Tuesday, May 26, 2015

High Contrast Drawings of Dogs Really Work!

Last week I talked about how using highly stylized techniques can help you get unstuck when you find yourself unable to sketch something to your liking.

One of the techniques I had just begun to try involved the use of big blocks of black in my scribbles.  The sketches could remain black and white or have a little color added to them or whatever.

What interested me?  Adding heavier contrast and a more graphic feel to the work.

I shared a very quick scribble I did of my Dutch Shepherd, Nik, in this style.  I had tried this with him because I often find myself frustrated in my attempts to draw my dogs.  This was the result.

I took the time to try this technique out on the last German Shepherd I owned, Desmond, who died only a few weeks ago.

The result really intrigued me.

By eliminating the need to capture an accurate face, this style of scribbling frees me to capture bigger shapes and a sense of weight and movement.

The unanticipated result:  these very quick drawings (under 10 minutes each, and most of that because I was filling in with a fine tipped marker) capture these dogs better than anything else I hvae tried.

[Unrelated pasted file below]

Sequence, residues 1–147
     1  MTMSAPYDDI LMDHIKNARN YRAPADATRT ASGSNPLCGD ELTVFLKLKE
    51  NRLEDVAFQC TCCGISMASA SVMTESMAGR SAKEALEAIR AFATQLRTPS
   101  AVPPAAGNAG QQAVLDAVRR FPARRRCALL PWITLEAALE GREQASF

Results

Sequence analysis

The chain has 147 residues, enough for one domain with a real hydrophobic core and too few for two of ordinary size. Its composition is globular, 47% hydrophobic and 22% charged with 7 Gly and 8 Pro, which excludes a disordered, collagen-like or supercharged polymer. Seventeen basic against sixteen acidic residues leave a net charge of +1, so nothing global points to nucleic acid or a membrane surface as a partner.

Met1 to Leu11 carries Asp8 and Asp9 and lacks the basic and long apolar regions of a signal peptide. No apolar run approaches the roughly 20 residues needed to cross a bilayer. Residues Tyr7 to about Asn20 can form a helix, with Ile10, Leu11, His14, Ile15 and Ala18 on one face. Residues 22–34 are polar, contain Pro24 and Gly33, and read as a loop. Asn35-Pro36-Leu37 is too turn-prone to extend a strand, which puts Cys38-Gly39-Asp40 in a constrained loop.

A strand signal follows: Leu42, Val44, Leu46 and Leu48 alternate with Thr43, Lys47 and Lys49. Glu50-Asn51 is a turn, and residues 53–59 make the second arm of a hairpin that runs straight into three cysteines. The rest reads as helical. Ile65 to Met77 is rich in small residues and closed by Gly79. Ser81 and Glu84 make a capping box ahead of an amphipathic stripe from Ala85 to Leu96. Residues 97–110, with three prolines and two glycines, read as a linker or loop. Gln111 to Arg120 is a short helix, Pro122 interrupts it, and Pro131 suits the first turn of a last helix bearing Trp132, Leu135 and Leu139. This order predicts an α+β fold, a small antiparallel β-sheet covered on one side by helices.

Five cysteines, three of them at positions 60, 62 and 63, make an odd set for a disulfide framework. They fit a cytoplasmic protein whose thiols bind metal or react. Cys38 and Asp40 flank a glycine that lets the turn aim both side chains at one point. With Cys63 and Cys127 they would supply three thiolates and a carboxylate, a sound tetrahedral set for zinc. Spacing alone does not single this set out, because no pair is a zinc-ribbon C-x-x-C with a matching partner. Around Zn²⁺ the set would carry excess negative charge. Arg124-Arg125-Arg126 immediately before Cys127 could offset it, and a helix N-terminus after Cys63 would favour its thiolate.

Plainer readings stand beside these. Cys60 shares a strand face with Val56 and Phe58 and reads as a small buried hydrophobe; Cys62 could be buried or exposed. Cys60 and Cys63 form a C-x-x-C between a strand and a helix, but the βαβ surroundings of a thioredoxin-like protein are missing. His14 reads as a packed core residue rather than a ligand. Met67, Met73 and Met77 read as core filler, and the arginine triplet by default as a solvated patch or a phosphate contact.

So much of dogs, of course, is their body language.  You live with a dog for years and you know their patterns, know what the slightest tilt of ears or curl of tail means.

As a human, I think I focus too much on faces when I try to capture a likeness, and I'm not sure I need to do that with a dog.  The body postures convey a lot--I recognize these animals in these scribbles and that recognition brings a lot of powerful memories with it.

This feels like a breakthrough of some sort--not so much for my scribbly drawings, but for creativity and achieving our creative goals for meaning.

Keep at it.  Try lots of different things.  Don't expect the expected to deliver what you expect--and be ready for the unexpected to really deliver the goods.

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